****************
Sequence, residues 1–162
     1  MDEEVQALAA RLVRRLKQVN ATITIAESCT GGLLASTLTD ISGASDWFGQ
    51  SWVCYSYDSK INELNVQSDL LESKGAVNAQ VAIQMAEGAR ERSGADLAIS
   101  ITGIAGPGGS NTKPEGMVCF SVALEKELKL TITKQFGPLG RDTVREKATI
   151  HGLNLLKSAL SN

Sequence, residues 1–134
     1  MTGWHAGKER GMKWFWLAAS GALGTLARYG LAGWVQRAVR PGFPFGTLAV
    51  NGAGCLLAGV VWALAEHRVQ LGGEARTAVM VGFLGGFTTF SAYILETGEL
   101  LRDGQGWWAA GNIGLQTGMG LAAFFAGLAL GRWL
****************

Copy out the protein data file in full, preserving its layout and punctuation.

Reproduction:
Sequence, residues 1–162
     1  MDEEVQALAA RLVRRLKQVN ATITIAESCT GGLLASTLTD ISGASDWFGQ
    51  SWVCYSYDSK INELNVQSDL LESKGAVNAQ VAIQMAEGAR ERSGADLAIS
   101  ITGIAGPGGS NTKPEGMVCF SVALEKELKL TITKQFGPLG RDTVREKATI
   151  HGLNLLKSAL SN

Sequence, residues 1–134
     1  MTGWHAGKER GMKWFWLAAS GALGTLARYG LAGWVQRAVR PGFPFGTLAV
    51  NGAGCLLAGV VWALAEHRVQ LGGEARTAVM VGFLGGFTTF SAYILETGEL
   101  LRDGQGWWAA GNIGLQTGMG LAAFFAGLAL GRWL